Yesterday, the ecommerce behemoth Amazon announced that they would be entering the world of in-store payments, with the launch of the Amazon Local Register.

This product is a mobile-payment service that works with a smartphone compatible credit card readers.

Now maybe it’s just me, but Amazon seems an unlikely friend to the American small business owner. This is a company that has, as part of its core business model, spent the last decade and more doing its very best to undercut the Mom and Pop retailers of Main Street America. In fact, I can’t think of any single company that is so deeply implicated in (or has benefited as much from) the decline of our local retail environment. Except maybe Wal-Mart – and that’s really not saying much.

The tagline of our blog and our mission here at ShopKeep is to ‘Take Back Main Street’, because we believe deeply that a thriving local commercial hub is a core component of a healthy and successful local community. We believe that a dollar diverted from big-box retailers and large scale ecommerce operations is a dollar towards a better Main Street. It’s in that spirit that I have put together a list of some of the key ways local businesses can stay competitive with the Amazons of this world.

1. Customer Service

Amazon, despite it’s massive scale, still operates at a loss. The reason? They sell on razor-thin margins and have remained heavily focused on achieving enormous scale. As such, it is vital that the small businesses of America survive and thrive on value, not price. And the core, distinguishing value a local retailer can offer is stellar, personal customer service. Labor costs can be one of the biggest expenses a small business owner faces but in my experience it’s better to pay a little more and engage top quality, motivated sales assistants who can convey your brand, wow your customers – and ultimately drive revenue.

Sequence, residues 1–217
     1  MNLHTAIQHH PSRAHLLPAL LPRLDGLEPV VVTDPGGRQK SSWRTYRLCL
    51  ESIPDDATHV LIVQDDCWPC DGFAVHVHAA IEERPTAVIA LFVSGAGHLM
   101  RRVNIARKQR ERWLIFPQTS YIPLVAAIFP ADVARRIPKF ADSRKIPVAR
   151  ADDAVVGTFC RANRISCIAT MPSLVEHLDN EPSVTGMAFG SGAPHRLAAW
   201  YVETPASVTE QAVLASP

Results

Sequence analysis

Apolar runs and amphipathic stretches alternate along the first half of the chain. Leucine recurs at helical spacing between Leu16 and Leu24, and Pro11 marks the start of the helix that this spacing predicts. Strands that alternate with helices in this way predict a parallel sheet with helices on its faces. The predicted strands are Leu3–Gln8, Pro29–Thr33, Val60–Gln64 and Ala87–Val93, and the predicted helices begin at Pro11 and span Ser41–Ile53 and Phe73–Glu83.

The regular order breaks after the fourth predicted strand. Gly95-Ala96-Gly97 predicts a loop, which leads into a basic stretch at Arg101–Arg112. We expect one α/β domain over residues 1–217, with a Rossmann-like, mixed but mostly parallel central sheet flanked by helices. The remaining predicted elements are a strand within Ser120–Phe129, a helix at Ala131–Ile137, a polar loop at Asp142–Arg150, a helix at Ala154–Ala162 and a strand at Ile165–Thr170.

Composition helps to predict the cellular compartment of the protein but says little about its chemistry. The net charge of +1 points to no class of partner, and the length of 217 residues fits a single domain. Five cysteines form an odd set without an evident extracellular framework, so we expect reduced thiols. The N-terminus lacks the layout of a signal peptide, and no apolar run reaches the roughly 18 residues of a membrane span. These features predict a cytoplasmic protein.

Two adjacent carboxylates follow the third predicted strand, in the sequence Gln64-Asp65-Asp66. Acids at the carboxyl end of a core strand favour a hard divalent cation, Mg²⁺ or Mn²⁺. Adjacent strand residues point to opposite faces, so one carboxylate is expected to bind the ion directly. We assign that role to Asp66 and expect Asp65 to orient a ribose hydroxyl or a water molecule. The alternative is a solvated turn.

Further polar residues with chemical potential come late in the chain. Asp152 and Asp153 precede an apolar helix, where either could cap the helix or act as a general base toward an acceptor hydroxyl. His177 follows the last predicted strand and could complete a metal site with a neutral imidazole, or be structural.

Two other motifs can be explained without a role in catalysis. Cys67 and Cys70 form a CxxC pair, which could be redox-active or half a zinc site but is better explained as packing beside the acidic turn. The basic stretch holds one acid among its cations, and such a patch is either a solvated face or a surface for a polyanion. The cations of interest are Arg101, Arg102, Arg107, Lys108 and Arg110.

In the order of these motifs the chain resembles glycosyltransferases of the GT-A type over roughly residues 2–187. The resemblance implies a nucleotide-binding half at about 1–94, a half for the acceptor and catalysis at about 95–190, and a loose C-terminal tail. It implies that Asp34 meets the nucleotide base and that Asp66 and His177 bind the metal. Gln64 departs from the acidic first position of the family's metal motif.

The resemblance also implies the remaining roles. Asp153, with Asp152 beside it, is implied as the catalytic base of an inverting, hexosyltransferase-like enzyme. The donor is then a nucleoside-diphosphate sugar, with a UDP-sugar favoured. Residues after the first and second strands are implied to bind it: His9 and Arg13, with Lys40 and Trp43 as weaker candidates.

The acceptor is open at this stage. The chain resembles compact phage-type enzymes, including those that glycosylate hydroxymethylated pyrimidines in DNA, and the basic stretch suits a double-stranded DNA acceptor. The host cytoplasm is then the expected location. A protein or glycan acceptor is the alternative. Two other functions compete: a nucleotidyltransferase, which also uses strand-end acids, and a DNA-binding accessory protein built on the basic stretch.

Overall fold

2. Be Educated and Educational

One of the key elements of this personal service – and a key tool you can use to compete with Amazon.com is subject matter expertise. There’s no better feeling as a consumer than an expert small business owner guiding you through the subtleties and details of your purchase. It’s important, therefore, that small business owners spend time training their staff to be truly knowledgeable. Also, find ways of evidencing your expertise (and the expertise of your staff) throughout your store – this can as simple as a yoga apparel store showcasing images of their staff doing complex poses. Or pinning up a list of local classes your staff attend/teach at.

3. Be Unique

It may seem like Amazon stocks every SKU under the sun but there’s still a huge range of goods that can help a business owner form a distinctive inventory. If possible, you need to build out a unique stocklist and then work hard to convey to your customers of the value of that ‘uniqueness’. In my experience, the businesses that are most successful at this process understand that the right inventory should be a reflection of your brand. I’m a big fan of the expression ‘from the feet up’. You need everything you do and the way your store looks to scream that you are the exact right place to buy, say, snowboarding gloves. You’re the snowboarding glove expert and you have the knowledge, backstory and branding to prove it.

4. Don’t Be Afraid of Data

Most small business owners get into their chosen field because of a passion for their products, not out of a love of numbers. But if you’re not getting up close and personal with your business data you’re losing out on a huge opportunity to make yourself a lean, efficient Amazon killing machine. In my series on Lean Retail, I spend a lot of time going into this in detail but the key here is that you treat your business like an experiment. A big part of the reason why Amazon is so successful is they are able to experiment with their customers by pushing different products at different times and seeing what sticks.